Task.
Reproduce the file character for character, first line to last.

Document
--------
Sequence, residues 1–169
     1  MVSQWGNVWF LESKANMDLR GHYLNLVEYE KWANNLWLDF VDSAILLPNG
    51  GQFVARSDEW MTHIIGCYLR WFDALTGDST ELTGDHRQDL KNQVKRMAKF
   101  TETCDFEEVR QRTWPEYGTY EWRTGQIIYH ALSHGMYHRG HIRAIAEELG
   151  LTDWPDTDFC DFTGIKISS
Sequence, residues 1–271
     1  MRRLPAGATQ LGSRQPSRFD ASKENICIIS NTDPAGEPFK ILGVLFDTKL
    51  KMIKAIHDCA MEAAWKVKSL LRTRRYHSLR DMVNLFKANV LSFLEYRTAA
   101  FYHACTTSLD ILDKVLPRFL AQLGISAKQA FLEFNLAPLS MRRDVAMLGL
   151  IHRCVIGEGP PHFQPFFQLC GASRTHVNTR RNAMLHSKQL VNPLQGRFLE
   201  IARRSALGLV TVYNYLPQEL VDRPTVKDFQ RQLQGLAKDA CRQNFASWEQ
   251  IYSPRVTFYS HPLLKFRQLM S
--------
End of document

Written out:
Sequence, residues 1–169
     1  MVSQWGNVWF LESKANMDLR GHYLNLVEYE KWANNLWLDF VDSAILLPNG
    51  GQFVARSDEW MTHIIGCYLR WFDALTGDST ELTGDHRQDL KNQVKRMAKF
   101  TETCDFEEVR QRTWPEYGTY EWRTGQIIYH ALSHGMYHRG HIRAIAEELG
   151  LTDWPDTDFC DFTGIKISS
Sequence, residues 1–271
     1  MRRLPAGATQ LGSRQPSRFD ASKENICIIS NTDPAGEPFK ILGVLFDTKL
    51  KMIKAIHDCA MEAAWKVKSL LRTRRYHSLR DMVNLFKANV LSFLEYRTAA
   101  FYHACTTSLD ILDKVLPRFL AQLGISAKQA FLEFNLAPLS MRRDVAMLGL
   151  IHRCVIGEGP PHFQPFFQLC GASRTHVNTR RNAMLHSKQL VNPLQGRFLE
   201  IARRSALGLV TVYNYLPQEL VDRPTVKDFQ RQLQGLAKDA CRQNFASWEQ
   251  IYSPRVTFYS HPLLKFRQLM S